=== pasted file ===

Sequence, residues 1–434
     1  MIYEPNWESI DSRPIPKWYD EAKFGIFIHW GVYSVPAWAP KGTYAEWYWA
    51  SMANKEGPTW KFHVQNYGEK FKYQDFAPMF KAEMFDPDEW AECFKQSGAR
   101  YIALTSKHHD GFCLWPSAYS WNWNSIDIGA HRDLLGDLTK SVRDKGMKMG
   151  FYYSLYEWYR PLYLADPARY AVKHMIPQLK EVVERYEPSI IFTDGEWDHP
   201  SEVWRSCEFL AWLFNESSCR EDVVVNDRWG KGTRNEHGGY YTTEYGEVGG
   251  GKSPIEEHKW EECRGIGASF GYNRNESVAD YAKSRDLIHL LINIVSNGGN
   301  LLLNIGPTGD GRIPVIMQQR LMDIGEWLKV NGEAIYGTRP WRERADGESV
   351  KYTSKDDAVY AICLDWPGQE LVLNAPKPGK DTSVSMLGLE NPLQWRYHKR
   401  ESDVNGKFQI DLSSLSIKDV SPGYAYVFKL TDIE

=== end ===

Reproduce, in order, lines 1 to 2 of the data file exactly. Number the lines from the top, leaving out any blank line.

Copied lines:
Sequence, residues 1–434
     1  MIYEPNWESI DSRPIPKWYD EAKFGIFIHW GVYSVPAWAP KGTYAEWYWA